- #71

sylas

Science Advisor

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Xnn said:Not sure if how significant other forcings are.

Neither is anyone else; there are significant uncertainties in other forcings. CO

_{2}is the simplest forcing to evaluate and is known to quite high accuracy. Other forcings are known, but with larger bounds of accuracy. The bounds are sufficient to conclude with strong confidence that greenhouse effects are the largest forcing, and that CO

_{2}is the largest contributor to that. But the lack of certainty in other forcings still means a large spread of uncertainty about total forcing.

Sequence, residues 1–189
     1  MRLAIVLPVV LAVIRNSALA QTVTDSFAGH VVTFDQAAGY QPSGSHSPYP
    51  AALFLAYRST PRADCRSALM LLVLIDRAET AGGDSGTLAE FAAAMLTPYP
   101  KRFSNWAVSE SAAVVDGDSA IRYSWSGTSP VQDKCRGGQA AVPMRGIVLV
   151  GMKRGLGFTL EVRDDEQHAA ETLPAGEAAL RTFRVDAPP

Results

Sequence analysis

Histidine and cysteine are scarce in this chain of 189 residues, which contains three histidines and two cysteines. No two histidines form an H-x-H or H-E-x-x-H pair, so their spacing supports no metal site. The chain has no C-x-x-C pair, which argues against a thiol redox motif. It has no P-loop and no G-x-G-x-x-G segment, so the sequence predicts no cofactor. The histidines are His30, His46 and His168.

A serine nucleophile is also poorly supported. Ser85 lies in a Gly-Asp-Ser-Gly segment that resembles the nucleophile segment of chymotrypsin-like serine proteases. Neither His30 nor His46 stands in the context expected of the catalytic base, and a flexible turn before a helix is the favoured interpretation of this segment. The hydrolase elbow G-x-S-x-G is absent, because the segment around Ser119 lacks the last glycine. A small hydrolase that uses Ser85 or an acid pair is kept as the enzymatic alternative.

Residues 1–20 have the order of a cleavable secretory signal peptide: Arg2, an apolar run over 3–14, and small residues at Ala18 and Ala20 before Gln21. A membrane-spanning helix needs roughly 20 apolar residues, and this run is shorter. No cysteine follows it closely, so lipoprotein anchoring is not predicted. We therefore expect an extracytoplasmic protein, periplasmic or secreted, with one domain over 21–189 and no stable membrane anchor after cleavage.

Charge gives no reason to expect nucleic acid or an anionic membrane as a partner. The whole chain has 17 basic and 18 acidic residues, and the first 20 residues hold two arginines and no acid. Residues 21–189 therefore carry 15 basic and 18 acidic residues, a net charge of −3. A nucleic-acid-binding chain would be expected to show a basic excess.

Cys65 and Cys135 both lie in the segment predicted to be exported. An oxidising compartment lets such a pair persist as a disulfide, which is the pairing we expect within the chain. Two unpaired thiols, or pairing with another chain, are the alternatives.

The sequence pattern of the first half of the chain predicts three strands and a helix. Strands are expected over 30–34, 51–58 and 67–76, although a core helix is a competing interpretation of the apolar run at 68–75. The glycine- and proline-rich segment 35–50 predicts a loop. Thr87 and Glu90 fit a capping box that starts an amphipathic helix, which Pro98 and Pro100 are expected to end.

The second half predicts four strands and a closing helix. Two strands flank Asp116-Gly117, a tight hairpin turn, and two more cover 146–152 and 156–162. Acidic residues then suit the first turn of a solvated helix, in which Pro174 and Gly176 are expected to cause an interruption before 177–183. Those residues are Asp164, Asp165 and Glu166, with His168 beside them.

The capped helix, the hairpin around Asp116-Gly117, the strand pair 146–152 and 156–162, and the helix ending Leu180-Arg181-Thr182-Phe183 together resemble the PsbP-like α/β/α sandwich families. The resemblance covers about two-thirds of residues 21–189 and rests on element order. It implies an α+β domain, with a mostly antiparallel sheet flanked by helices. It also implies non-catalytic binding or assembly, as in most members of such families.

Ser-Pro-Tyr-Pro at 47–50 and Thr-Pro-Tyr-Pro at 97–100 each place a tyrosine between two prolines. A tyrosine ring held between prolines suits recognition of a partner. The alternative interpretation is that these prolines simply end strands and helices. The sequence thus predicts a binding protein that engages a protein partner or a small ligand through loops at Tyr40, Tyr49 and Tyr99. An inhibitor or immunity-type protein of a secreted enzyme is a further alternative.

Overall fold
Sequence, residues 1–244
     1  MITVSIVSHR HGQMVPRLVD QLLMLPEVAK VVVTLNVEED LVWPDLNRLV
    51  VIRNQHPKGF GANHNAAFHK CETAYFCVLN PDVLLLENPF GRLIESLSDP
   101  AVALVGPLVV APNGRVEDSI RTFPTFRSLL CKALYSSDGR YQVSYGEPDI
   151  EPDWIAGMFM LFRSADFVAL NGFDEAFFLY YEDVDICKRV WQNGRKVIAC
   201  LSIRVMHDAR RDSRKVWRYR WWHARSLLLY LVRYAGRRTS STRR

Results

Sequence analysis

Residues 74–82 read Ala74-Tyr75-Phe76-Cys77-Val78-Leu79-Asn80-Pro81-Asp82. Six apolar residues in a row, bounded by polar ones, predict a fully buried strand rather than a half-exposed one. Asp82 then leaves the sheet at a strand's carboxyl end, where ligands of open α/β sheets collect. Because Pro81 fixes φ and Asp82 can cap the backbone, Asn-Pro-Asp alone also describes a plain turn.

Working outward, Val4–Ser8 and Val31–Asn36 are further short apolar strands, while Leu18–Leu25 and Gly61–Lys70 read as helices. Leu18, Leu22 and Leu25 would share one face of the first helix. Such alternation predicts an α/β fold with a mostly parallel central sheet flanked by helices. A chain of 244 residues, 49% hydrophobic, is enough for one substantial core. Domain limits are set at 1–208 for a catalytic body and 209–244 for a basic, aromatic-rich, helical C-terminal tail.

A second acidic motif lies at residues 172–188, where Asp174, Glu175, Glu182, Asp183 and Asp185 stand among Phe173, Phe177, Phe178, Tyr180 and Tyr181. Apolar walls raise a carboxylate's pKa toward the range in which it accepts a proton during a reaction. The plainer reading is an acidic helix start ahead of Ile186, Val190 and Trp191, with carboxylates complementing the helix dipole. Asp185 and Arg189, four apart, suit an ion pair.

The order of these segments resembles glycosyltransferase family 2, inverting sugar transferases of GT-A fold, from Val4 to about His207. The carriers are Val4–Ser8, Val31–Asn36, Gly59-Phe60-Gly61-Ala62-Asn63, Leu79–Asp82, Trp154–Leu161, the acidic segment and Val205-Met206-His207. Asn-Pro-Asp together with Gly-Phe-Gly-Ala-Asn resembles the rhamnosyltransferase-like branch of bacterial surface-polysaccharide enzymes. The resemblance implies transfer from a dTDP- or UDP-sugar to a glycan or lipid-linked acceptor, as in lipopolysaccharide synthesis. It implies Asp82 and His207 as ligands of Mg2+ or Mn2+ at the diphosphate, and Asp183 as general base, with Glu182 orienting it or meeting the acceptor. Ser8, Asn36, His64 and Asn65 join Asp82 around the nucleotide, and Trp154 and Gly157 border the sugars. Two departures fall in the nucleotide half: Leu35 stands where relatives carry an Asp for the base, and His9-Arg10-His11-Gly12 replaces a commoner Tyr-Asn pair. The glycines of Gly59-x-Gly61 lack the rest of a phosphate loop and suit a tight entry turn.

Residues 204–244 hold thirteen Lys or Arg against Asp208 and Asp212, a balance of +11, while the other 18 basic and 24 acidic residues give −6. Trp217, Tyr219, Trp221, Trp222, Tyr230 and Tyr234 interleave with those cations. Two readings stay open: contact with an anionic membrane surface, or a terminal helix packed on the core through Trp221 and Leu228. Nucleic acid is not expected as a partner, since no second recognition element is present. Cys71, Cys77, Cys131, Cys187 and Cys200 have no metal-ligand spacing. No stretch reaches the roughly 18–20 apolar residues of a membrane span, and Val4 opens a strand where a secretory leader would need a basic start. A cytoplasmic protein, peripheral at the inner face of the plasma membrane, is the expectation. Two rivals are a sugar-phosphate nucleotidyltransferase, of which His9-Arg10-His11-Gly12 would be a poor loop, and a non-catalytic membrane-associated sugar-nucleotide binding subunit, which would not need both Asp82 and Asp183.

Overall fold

I've given a widely repeated diagram in [post=2215403]msg #66[/post] of thread "Estimating the impact of CO2 on global mean temperature", outlining estimates and uncertainties for forcings. It can be found also as figure 2.20, on page 203 (chapter 2) of the http://www.ipcc.ch/ipccreports/ar4-wg1.htm" . The estimates are quantified, with 90% confidence bounds, in table 2.12, page 204.

Felicitations -- sylas

PS. As an added wrinkle... a forcing is a change from one time to another. The table I've shown is giving the forcings from 1750 to the present. But if you want to look at the last 30 years, then the picture changes again, generally making the greenhouse effects and CO

_{2}in particular even more significant for the immediate rate of change. The immediate rate of change also is affected by changes in heat uptake in the ocean, which will impact rates of change in much the same way as a forcing.

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